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Descriptive Modeling in Mathematics

Instructor: Yuanxin (Amy) Yang Alcocer

Amy has a master's degree in secondary education and has taught math at a public charter high school.

After reading this lesson, you'll learn how you can use your math skills to solve real world problems. Learn how you can mathematically model your problem so you can use appropriate equations to find the solution.

A Real World Problem

Did you know that you can use math to help you model a real world problem making it easier to solve? That's right. Once you've created your mathematical model, you'll be able to use the associated mathematical equations for that model to help you solve your problem. This process of creating a mathematical model is referred to as descriptive modeling.

Let's take a look at how this process can make your life a whole lot easier.

Imagine that you are a forensic scientist who has just been called out to the scene of an accident. When you arrive at the scene of the accident, you see the two cars. A blue car has hit a red car in the side. The red car's side has an indent that's 1.2 inches deep.

Your job now is to determine just how fast the other car was going before it hit the other car. This information will help the car insurance companies figure out just who is responsible and how much to pay out.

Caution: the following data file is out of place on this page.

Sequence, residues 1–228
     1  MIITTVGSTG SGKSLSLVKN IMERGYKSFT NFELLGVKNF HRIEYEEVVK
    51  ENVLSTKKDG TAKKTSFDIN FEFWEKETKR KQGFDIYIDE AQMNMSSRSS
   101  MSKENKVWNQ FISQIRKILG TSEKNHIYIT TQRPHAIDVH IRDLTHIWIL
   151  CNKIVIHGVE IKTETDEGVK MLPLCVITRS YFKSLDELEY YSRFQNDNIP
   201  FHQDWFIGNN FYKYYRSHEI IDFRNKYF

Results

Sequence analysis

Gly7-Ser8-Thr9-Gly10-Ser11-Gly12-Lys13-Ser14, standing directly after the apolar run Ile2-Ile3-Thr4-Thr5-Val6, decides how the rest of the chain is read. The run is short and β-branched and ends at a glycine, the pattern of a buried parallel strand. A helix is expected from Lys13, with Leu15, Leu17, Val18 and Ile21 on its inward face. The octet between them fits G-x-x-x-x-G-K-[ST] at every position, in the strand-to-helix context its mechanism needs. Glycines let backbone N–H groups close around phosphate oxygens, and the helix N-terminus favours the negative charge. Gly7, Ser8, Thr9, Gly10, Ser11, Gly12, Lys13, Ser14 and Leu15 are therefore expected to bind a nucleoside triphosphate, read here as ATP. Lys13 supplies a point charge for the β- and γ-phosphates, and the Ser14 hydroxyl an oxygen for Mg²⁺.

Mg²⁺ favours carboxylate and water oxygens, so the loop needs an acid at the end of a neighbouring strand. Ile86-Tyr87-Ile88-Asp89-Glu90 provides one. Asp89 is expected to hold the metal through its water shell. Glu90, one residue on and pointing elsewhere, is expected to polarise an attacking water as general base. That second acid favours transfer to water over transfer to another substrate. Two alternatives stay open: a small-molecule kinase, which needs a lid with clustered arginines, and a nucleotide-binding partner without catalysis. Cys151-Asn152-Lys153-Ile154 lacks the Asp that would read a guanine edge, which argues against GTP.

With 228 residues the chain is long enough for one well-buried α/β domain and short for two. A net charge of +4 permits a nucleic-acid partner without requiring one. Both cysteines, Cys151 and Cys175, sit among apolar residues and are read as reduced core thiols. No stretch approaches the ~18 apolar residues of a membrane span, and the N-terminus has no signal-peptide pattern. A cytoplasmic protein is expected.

Descriptive Modeling

After you've gathered all your information, you now have the hard task of finding your answer.

To help you, you create a descriptive model of the situation. This is what you do.

You first find a mathematical model for your problem. You ask yourself, just what kind of math is involved here. You decide on a physics model that shows the force of impact when objects collide with each other.

Next, you label your variables according to the model. In your case, you have the mass of the two cars, the force of impact, and the speed of travel for each car.

Then you use your variables and other information to solve the problem. Once you've labeled your variables and other information, you can then follow the model to solve the problem. In your case, you'll follow the physics model for determining the force of impact of a traveling object. You use the appropriate equation, plug everything in, and solve.

Solving the Problem

For your problem, you'll use this equation to determine just how fast the car was going when it collided.


descriptive modeling


The F stands for the force of impact, the d stands for the distance the car crumpled or dented (this could be either the car itself or the object that got hit), the m stands for the mass of the car that caused the crash, and the v stands for the velocity or directional speed of the car.

You decided to use this equation because you have all the information except the velocity of the car which you want to find. So, you can plug in all your known values and then solve for the velocity. From studying the scene and from prior experience, you can tell that a force of impact of roughly 250,000 foot pounds per second squared was needed to indent the red car. The distance that the red car dented is 1.2 inches (0.1 feet). The mass of the blue car is 3000 pounds. Plugging this information into the formula and then solving for the velocity, you get this.


descriptive modeling


So, the blue car was traveling at 2.78 miles per hour when it hit the red car causing a dent of 1.2 inches.

Example

Now, you try picking a mathematical model to use to help you solve a problem.

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